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InMind VR 2 (Google Daydream)

InMind VR 2 (Daydream VR)

InMind VR 2 (Google Cardboard)

The VR Shop - Bronze Award
Price at Time Of Review: £2.89 ($3)
Comfort Rating: Red (Extreme Movement)
Genre: Educational
Input: Daydream Controller
Best Playing Position: Sitting
Multi-Player: No
Age Rating: PG
File Size: 250 MB


Description: The game places emphasis on the chemistry behind human emotion, greatly inspired by the Pixar/Disney movie “Inside Out” and (more scientifically) Lövheim’s theory of emotions. On the gameplay side, we take the best from our experiences developing the games InMind and InCell, to create an innovative and eye-catching VR experience.

It is well known by scientists that emotions are nothing other than hormones affecting the human body — and especially the brain. You’ll take part in the process of one teenager named John becoming an adult, and help shape John’s future self, while experiencing an exciting journey inside the human brain. During this crucial time, John will face several key moments, and his reaction to these moments may lead to forming new interests and relations. Help John on his way towards his destiny… His future is in your hands!

Review: The original InMind VR game was one of the main apps that made people not only fall in love with VR but also want to develop for it. Sadly the same can’t be said for the follow-up. I just feel things have come so far since the original was produced that part 2 feels a little over the top and not as good as many other educational VR apps that are out there. Sadly this app is far too buggy and most people can’t even play it let alone rate it! Then there is the fact that in app purchases come up as normal screen boxes meaning you have to take it out of your headset and mess around for 5 minutes to buy the full version and the free version ads seem to lock up the phone to the point that you need to hard restart it just to get back to normal! Maybe it’s just me with too many fond memories of the original, but this simply isn’t what I expected from the Nival.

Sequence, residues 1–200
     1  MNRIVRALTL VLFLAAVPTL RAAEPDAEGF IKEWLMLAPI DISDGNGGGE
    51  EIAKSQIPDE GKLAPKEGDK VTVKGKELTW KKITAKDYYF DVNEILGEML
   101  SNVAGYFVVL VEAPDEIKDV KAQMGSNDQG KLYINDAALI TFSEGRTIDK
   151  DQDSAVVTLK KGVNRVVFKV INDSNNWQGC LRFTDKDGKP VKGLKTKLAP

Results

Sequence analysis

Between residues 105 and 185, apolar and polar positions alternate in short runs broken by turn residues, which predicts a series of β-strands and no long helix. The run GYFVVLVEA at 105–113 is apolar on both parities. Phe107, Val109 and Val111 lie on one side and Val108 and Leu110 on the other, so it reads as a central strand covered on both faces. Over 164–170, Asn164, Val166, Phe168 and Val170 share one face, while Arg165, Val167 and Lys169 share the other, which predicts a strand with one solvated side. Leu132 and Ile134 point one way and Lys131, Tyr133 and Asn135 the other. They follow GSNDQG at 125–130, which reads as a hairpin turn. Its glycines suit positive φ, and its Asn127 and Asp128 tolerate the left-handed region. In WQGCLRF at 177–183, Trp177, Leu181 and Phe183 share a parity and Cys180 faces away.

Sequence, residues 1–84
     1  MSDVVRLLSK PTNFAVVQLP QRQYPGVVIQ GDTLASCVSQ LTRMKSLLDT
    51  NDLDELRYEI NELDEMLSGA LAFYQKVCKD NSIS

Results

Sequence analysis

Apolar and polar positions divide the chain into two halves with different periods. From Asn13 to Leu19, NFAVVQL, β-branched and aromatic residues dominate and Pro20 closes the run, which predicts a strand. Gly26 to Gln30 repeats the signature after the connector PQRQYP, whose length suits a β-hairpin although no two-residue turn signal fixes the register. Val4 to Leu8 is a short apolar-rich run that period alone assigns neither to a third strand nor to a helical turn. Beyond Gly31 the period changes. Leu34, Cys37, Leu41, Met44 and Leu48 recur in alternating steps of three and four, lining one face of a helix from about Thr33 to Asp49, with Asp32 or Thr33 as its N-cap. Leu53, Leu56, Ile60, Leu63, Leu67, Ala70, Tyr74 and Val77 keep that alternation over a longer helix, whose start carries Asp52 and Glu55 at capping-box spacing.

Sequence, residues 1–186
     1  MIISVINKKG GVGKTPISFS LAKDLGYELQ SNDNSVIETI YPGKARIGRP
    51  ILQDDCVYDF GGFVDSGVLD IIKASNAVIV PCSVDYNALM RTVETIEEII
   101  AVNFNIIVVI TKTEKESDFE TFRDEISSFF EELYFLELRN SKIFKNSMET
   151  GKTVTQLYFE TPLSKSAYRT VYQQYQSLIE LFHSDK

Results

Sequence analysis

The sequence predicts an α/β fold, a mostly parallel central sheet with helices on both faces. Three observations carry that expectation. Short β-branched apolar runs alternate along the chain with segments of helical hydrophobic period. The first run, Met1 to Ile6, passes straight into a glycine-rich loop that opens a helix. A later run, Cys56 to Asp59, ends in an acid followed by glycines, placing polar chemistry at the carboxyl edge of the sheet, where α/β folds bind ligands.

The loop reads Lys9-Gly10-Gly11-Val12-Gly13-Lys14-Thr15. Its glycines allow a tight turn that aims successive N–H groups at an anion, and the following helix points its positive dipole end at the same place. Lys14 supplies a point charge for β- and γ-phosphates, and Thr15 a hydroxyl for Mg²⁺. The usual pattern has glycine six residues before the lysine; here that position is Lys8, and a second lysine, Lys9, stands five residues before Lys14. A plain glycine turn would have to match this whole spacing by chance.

Having said all that, if you are willing to sit through those problems, pay for the full version and you have one of the few phones this app works on then you are in for a treat for the eyes all wrapped in an educational blanket of discovery. Sadly that is all played via a set of missions that are all essentially the same thing over and over. And don’t even start me on the weird storylines that little John seems to go through, that is a whole different ball of confusion!

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